In 1962, in a program known as Operation Pedro Pan, 14,000 Cuban children left their homeland and came to the United States, alone, as refugees. The United States government helped settle these children with family members, friends and in foster homes in Miami and other areas of the country. Carlos Eire, now a professor of history at Yale, was one of these children. He first wrote about his story in the memoir Waiting for Snow in Havana, which vividly recalled his life as a son of privilege in Cuba and the hard life that followed in the United States. His latest memoir, Learning to Die in Miami, focuses squarely on Eire's experience from the moment he and his brother arrive in Miami until his mother joins them in the United States years later. Eire struggles with the Cuban part of himself, trying to kill it off so he can be fully American, but also doesn't want to completely lose that part of himself. This is a good companion book to Waiting for Snow in Havana but may also be enjoyed on its own.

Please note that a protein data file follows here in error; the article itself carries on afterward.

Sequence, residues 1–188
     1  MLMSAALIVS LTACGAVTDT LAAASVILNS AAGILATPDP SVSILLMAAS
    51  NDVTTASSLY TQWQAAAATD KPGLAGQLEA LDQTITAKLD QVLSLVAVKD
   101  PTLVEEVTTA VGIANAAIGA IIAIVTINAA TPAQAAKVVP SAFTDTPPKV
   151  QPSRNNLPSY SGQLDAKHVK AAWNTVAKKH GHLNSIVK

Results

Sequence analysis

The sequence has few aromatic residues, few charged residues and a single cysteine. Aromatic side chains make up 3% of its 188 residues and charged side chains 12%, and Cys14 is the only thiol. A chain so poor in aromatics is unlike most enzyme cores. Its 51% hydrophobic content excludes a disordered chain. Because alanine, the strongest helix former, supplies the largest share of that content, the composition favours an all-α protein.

If this sparks your interest, you may want to learn more about Operation Pedro Pan and its background. You can start with these library materials.